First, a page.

Several pundits on cable news the day after Virginia’s gubernatorial election said roughly the same thing: Former Democratic Gov. Terry McCauliffe lost to his Republican challenger, now Gov.-elect Glenn Youngkin, partly, if not largely, because Youngkin laser-focused his campaign on supposedly at-risk parental authority in education (though actually the phoney target was critical race theory), while the eventual loser focused on attaching his rival, unsuccessfully, to Donald Trump’s hip.
It’s true that McCauliffe tried to slime Youngkin with Trump, while the eventual victor was trying mightily to ghost the controversial and toxic former president from his campaign and keeping him as far away from Virginia as possible, while at the same time appeasing him.
Regarding Youngkins’ touchless dance with Trump, the New York Times wrote:
“Early on in his own campaign, Mr. Youngkin, a former private equity executive, recognized Mr. Trump’s usefulness to his political prospects. In the spring, during the Republican nominating contest in Virginia, Mr. Youngkin echoed Mr. Trump’s false claims of election fraud. After winning the G.O.P. nomination at a party convention in May, Mr. Trump endorsed him and Mr. Youngkin told a conservative radio host that he was honored.
“President Trump represents so much of why I’m running,” Mr. Youngkin said at the time.
But thereafter, Mr. Youngkin mainly kept quiet about the former president. Mr. Trump, in turn, made no public demands of fealty and encouraged his Virginia supporters to flood the polls, something he refused to do ahead of the January special elections in Georgia that gave Democrats control of the Senate.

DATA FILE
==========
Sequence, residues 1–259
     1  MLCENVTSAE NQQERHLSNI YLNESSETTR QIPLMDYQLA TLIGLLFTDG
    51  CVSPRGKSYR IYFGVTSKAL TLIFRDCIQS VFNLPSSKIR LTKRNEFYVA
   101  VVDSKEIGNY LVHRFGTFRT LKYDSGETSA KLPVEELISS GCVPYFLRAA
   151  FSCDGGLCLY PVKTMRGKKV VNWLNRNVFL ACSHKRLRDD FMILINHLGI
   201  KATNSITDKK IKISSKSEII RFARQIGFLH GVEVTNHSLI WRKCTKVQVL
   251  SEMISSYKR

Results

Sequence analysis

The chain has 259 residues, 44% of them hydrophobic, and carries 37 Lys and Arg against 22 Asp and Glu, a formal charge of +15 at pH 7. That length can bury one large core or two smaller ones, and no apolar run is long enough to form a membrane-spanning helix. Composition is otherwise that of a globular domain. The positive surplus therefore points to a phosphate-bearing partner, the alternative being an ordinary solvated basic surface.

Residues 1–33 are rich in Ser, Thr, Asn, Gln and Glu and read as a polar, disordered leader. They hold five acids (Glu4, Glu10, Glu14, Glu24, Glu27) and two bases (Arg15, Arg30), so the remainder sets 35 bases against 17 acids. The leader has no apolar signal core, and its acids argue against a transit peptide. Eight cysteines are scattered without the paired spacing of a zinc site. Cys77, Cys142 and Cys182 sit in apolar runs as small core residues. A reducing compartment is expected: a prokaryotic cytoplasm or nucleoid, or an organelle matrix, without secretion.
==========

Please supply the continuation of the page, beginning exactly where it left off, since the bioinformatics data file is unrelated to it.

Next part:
But it’s not true that Youngkin was honestly promoting parents’ fundamental right to have a voice in their children’s education.
No. He was trying to scare and thus rile-up his base (which is also Trump’s base) into thinking that educators were trying to insert curricula into Virginia schools that holds present-day whites (and their children) responsible for long-ago slavery and all the social ills that that “curious institution” bequeathed to America up to now.
That’s the bogus meme about critical race theory (I posted about it earlier, here): that it will demonize white youth and traumatize and discriminate against them unjustly, while holding them liable for the social sins of their white forefathers. In fact, it doesn’t do that.
Still, the cynical deception worked for Youngkin (worked really well) because his supporters are either too lazy or ill-informed, or both, to sift fact from bogus political propaganda, or they just like to get worked up over literally nothing.
The point is, Youngkin can now at least partly credit his elevation to the Virginia governor’s mansion to not one but two big, fat lies — that Trump was robbed of the 2020 election, and that critical race theory (CRT) is taught in Virginia schools.
And even the mainstream media (meaning not fact-averse right-wing outlets like Fox, One America News Network (OANN), Breitbart, etc.) keeps mentioning “critical race theory in schools” (CRT) just to debunk it as something not taught in pre-college schools nationwide and therefore irrelevant to parents and their elementary- and secondary-school offspring.